For the character of Vic Jordan, however, he would be told that his services fighting with the Resistance in France and in Germany would be brought to an end and he would be allowed to recuperate from his recently suffered wounds back in the States.

       Not to belabor the point but I have to enjoy the coincidences. The adventures of Vic Jordan fighting the Nazis in Europe started Dec. 1, 1941. On Dec. 11 of that year, 11 days later, Germany declared war of the United States. The adventures of Vic Jordan came to a close on Apr. 28, 1945. On May 8 of that year, 10 days later, V-E Day was declared, bringing the war in Europe to an end.

       As was apparently the norm, there were Sunday editions of the strips but I have found only one of these Sunday strip online. What that showed me was that the Sunday augmented the weekday storyline (as opposed to a separate storyline). What this meant, in my opinion, is that the events on Sunday would be interesting but not necessarily crucial to the ongoing tale; this due to the likelihood that not all papers would run the Sunday edition OR that many subscribers would not receive the Sunday edition.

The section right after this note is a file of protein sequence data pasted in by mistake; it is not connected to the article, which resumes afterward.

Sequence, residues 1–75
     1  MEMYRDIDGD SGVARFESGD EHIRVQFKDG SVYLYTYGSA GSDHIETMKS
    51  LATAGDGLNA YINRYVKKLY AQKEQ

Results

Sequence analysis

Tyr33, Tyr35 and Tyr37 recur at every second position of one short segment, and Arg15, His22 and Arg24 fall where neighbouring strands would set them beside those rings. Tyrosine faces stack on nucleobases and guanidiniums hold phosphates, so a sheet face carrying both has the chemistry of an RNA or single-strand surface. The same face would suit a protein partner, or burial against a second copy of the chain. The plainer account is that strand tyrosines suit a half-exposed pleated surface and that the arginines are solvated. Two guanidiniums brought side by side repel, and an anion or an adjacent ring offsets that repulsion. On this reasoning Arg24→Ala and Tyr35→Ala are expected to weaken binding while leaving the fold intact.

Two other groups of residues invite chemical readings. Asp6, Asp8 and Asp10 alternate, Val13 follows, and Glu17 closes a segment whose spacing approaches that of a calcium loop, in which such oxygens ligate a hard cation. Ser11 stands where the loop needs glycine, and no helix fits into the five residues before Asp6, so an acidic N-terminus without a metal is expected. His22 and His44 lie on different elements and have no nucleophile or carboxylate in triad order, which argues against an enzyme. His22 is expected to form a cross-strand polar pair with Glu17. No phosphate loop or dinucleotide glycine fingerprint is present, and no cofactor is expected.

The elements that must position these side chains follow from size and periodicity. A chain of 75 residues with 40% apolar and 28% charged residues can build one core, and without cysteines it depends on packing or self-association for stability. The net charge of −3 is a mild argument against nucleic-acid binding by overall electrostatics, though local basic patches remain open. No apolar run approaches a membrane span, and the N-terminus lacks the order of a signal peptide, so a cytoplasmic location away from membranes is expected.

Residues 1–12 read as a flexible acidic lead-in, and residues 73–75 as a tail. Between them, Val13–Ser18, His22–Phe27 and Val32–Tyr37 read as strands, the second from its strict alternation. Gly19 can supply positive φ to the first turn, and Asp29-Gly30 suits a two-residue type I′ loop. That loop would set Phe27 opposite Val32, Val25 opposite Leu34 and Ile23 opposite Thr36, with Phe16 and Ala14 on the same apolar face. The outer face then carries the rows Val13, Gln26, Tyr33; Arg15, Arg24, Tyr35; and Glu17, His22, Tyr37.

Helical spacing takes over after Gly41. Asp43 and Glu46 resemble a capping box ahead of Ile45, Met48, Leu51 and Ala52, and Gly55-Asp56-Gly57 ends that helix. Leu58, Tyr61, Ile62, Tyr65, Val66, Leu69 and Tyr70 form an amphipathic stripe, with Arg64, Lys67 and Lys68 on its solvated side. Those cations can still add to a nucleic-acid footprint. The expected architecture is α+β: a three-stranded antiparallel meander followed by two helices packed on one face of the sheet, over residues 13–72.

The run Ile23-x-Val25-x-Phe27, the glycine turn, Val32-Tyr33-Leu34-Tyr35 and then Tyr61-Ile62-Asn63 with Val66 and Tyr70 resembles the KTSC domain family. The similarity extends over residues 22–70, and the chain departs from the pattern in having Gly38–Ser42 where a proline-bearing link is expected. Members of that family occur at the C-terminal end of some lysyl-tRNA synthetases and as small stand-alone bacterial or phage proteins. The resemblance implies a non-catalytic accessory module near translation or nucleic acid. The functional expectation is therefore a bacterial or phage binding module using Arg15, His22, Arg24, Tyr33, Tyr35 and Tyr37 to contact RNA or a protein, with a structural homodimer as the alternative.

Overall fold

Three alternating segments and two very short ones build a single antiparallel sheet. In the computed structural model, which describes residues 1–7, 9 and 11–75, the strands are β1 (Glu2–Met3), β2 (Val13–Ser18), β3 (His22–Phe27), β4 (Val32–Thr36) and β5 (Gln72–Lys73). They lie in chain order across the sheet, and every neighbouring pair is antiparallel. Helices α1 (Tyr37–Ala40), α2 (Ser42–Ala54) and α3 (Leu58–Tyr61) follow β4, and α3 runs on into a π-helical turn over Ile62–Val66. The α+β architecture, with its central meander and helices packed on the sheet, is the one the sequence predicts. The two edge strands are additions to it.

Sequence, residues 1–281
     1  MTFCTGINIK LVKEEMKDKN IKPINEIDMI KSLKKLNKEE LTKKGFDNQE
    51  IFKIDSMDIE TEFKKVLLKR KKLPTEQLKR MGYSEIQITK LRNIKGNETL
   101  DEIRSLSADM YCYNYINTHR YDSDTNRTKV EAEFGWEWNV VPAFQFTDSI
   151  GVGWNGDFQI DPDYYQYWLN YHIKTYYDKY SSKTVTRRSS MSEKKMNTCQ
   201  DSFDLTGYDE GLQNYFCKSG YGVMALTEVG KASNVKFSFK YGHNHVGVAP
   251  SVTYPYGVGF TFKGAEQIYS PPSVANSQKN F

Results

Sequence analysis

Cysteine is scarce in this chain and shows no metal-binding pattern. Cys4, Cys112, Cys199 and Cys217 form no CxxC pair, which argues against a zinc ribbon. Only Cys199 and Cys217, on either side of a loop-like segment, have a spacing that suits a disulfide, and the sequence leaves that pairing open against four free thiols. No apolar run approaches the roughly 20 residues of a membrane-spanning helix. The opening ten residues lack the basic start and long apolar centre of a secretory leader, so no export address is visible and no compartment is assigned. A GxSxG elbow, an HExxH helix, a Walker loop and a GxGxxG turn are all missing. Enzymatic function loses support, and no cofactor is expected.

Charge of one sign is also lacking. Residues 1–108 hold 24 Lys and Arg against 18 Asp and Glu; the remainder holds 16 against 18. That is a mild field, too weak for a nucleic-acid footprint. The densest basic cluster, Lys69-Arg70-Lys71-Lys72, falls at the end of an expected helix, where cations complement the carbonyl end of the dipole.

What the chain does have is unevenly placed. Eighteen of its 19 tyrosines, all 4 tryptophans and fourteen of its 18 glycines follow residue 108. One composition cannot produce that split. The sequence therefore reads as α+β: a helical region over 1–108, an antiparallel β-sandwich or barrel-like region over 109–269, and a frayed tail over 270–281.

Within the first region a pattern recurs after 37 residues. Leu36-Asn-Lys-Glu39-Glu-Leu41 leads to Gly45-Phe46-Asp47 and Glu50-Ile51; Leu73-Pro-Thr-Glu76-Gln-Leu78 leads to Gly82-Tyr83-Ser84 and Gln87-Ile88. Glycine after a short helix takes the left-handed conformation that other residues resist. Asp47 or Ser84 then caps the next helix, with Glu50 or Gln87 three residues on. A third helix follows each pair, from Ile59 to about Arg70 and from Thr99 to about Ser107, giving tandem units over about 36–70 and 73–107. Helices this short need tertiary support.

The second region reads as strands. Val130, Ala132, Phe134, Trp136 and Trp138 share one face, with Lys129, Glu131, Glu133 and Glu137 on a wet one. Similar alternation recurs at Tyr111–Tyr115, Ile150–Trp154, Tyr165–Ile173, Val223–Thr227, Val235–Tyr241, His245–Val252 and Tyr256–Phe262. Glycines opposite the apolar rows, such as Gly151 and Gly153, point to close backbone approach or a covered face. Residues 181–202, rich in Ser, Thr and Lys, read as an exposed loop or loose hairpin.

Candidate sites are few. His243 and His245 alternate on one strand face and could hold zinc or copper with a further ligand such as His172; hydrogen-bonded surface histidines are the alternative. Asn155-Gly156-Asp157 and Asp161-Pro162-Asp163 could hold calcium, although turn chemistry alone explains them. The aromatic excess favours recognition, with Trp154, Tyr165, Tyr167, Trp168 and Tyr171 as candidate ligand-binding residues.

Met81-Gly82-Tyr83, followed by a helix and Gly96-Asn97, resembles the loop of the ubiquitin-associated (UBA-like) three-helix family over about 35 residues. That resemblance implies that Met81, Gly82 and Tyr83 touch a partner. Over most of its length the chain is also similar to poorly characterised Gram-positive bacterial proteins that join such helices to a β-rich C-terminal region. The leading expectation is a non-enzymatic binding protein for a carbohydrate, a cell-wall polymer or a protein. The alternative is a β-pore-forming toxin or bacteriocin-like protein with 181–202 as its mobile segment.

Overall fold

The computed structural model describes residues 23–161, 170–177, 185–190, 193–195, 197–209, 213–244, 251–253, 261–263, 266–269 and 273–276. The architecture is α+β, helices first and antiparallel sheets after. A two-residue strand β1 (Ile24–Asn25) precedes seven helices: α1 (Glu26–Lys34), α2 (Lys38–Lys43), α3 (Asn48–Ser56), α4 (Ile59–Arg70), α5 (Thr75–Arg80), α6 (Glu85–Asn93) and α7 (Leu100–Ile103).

1 The Beginning Of Vic Jordan's War   The Beginning Of Vic Jordan's War
Strips: 1 - 59
Dates: 12/01/1941 - 02/06/1942
Writer: Paine
Artist: Elmer Wexler

Acting as a press agent for the International Revue performing in German-controlled Paris in the Spring of 1940, Vic Jordan is there when the show is closed by the Gestapo but the troupe take the stage nevertheless. When German authorities try to arrest them, Jordan and several others fight back, making them all fugitives.
Click here to read some or all the story.

2 The British Flyers   The British Flyers
Strips: 60 - 78
Dates: 02/07/1942 - 02/28/1942
Writer: Paine
Artist: Elmer Wexler

In his first real mission working with the French Underground, Vic Jordan takes part in helping two British RAF pilots shot down over France make their way to the coast and a rescue ship.
Click here to read some or all the story.

3 The Phony Pilot   The Phony Pilot
Strips: 78 - 158
Dates: 02/28/1942 - 06/02/1942
Writer: Paine
Artist: Elmer Wexler

A German agent, Captain Koenig, who spent 4 years at Oxford and can easily impersonate a British citizen, pretends to be a downed pilot in order to trace the make-up of the French Underground from the inside.
Click here to read some or all the story.

4 Seven-Seventy   Seven-Seventy
Strips: 159 - 308
Dates: 06/03/1942 - 11/24/1942
Writer: Paine
Artist: Elmer Wexler